7) After one month, when the preserved lemons are soft, they're ready to use. Store lemons in the refrigerator after this time and they'll keep for 6 months. Rinse lemons if needed before using to remove excess salt.

To use: Remove lemons from the liquid and rinse (or not). Split in half and scrape out the pulp (some recipes you'll use the pulp. It's whatever you want). Slice the lemon peels into thin strips or cut into small dices. You may wish to press the pulp through a sieve to obtain the tasty juice, which can be used for flavoring as well.

Wednesday, November 28, 2012

Perfect Gingersnaps and My Home Tour

Ginger Cookies

Today, becuase it's my birthday, and we built a house and lived here for five months and I  haven't so much as given you a sneak peak, I'm going to give you  tour of my house. I'm going to have you over for gingersnaps except in cyber world, this means you'll have to make them yourself. Let me know when you've whipped them up and then we'll begin.

We'll start off with the most important room in the house, the kitchen.



I went daring with light blue cabinets (Benjamin Moore's Paladian Blue) on bottom and creamy Monteray white on top. I don't regret for a second. It's fun and bright and a little vintage.

One of my favorite things is the windows that come all the way down to the countertop over the sink. We've planted lilac bushes right outside of them so that in the summer, I'll get to see beautiful purple blooms instead of my neighbors brown fence. My other favorite is the long glass cabinet in the corner.

My little desk where all the blogging magic happens

Dining nook, located directly left of my desk, with a fabulous jar pendant from Pottery Barn

And my very favorite, the pantry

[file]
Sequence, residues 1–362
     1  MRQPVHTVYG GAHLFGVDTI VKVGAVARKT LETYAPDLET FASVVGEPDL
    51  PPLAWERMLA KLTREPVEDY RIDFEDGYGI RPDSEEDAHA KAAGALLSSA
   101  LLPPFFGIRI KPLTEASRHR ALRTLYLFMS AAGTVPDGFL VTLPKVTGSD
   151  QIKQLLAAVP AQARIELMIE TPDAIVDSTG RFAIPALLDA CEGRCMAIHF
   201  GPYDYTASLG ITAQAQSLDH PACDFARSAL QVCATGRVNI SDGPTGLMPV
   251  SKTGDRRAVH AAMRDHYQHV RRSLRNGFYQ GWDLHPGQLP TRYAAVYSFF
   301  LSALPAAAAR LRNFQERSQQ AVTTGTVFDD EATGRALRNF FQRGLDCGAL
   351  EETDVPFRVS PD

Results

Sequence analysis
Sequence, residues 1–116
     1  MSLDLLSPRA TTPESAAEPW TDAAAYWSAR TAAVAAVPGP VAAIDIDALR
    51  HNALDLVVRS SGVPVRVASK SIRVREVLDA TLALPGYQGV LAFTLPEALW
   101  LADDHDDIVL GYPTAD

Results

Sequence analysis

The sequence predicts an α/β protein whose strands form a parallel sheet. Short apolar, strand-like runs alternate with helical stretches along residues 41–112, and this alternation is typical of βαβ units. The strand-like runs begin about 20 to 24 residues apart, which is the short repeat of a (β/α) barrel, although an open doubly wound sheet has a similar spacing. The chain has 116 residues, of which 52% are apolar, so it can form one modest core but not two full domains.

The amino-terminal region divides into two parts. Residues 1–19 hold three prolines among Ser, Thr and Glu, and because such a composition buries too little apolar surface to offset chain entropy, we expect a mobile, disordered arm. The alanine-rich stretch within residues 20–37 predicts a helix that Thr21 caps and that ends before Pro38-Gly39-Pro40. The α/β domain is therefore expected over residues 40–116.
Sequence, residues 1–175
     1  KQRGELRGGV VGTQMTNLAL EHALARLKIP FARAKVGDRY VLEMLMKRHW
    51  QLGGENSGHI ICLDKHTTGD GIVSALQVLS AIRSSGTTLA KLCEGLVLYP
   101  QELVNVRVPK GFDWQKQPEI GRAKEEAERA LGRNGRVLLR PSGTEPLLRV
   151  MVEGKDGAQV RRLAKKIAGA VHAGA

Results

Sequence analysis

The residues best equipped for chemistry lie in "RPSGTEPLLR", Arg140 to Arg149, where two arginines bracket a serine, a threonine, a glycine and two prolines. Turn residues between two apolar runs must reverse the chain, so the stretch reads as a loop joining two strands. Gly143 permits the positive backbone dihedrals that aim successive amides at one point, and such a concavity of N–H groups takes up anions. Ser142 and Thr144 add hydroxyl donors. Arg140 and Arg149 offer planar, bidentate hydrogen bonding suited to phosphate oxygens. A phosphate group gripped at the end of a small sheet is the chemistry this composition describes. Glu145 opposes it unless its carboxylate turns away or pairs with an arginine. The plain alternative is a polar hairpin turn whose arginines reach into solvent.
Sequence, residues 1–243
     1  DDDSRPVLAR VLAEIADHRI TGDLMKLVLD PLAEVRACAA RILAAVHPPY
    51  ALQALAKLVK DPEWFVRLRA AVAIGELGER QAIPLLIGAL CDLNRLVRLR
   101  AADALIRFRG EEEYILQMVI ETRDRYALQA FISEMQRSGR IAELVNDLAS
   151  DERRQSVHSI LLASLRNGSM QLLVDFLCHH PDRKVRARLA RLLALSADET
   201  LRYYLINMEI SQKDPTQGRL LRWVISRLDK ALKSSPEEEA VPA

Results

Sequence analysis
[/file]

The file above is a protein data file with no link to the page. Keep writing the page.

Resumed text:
Step in, turn the corner, and...

Living room is small but quaint. It would look a bit bigger if we didn't own a gargantuan couch

Living room view from kitchen

Back yard. I planted a huge flower garden along the fence with hollyhocks, delphinium, peonies and daisies among others, with a patch reserved for fresh mint in the back.

From the front. I love my red house. Theres a garden planted in that barren bed in front, too. Also red rose bushes by the entry and a white snowball bush and more lilacs to the right lining the driveway.

Entry coat nooks. My husband custom built them for me because I love them and he loves me. Thats my dried wedding bouquet on top

Hall to the living room. Aka, my picture wall

Master bedroom

Master bath

I'm not going to show you my kids rooms or bathroom because it's a little creepy being the internet and all. I would show you my powder room but it's so small it was very hard to take a picture of. We also have a guest room, but I don;t have a picture of it and right now there is heaps of Halloween costumes laying on the bed waiting to be put in the attic, and I'm not about to clean it up right now.

Isn't it the cutest? Now back to the kitchen and the cookies. I couldn't have you over without offering you something to eat and in colder months gingersnaps are my favorite. These are made with olive oil instead of butter and fresh ginger instead of powdered or candied which makes all the difference in the world. They're best warm, right out of the oven while still chewy with the crackle of the sugar on the outside. They get harder as they sit. I like all my cookies fresh so I'll usually make the dough in advance, form the balls and place them in a ziplock bag. They keep in the fridge for up to a week and the freezer for 3 months. Just pop on a baking sheet when you are ready and bake (add about 5-6 minutes to the baking time if the dough is frozen and about 2-3 minutes if cold from the refrigerator). Homemade cookie dough is sort of my secret weapon and something I keep on hand constantly for last minute dinner parties (dessert is ready to be baked!) or you know, when strangers from the internet come over to stalk my house. Same, same.